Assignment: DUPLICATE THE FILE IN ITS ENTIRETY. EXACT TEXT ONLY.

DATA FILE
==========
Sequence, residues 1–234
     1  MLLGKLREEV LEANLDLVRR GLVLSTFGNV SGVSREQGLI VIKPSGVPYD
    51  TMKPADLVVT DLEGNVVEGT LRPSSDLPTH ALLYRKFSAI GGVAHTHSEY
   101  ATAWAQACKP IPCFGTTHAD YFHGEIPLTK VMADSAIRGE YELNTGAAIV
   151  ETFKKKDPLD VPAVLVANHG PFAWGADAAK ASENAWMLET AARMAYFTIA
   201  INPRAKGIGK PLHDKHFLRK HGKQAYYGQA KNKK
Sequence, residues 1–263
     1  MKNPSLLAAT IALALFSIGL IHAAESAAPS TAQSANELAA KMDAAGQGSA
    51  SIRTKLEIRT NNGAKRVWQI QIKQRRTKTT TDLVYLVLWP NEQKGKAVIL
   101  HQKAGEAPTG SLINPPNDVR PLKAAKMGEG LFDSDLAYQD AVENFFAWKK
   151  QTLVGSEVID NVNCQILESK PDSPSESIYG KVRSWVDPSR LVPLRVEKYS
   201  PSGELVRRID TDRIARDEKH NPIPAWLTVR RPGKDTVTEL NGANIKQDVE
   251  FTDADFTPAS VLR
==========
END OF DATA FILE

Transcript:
Sequence, residues 1–234
     1  MLLGKLREEV LEANLDLVRR GLVLSTFGNV SGVSREQGLI VIKPSGVPYD
    51  TMKPADLVVT DLEGNVVEGT LRPSSDLPTH ALLYRKFSAI GGVAHTHSEY
   101  ATAWAQACKP IPCFGTTHAD YFHGEIPLTK VMADSAIRGE YELNTGAAIV
   151  ETFKKKDPLD VPAVLVANHG PFAWGADAAK ASENAWMLET AARMAYFTIA
   201  INPRAKGIGK PLHDKHFLRK HGKQAYYGQA KNKK
Sequence, residues 1–263
     1  MKNPSLLAAT IALALFSIGL IHAAESAAPS TAQSANELAA KMDAAGQGSA
    51  SIRTKLEIRT NNGAKRVWQI QIKQRRTKTT TDLVYLVLWP NEQKGKAVIL
   101  HQKAGEAPTG SLINPPNDVR PLKAAKMGEG LFDSDLAYQD AVENFFAWKK
   151  QTLVGSEVID NVNCQILESK PDSPSESIYG KVRSWVDPSR LVPLRVEKYS
   201  PSGELVRRID TDRIARDEKH NPIPAWLTVR RPGKDTVTEL NGANIKQDVE
   251  FTDADFTPAS VLR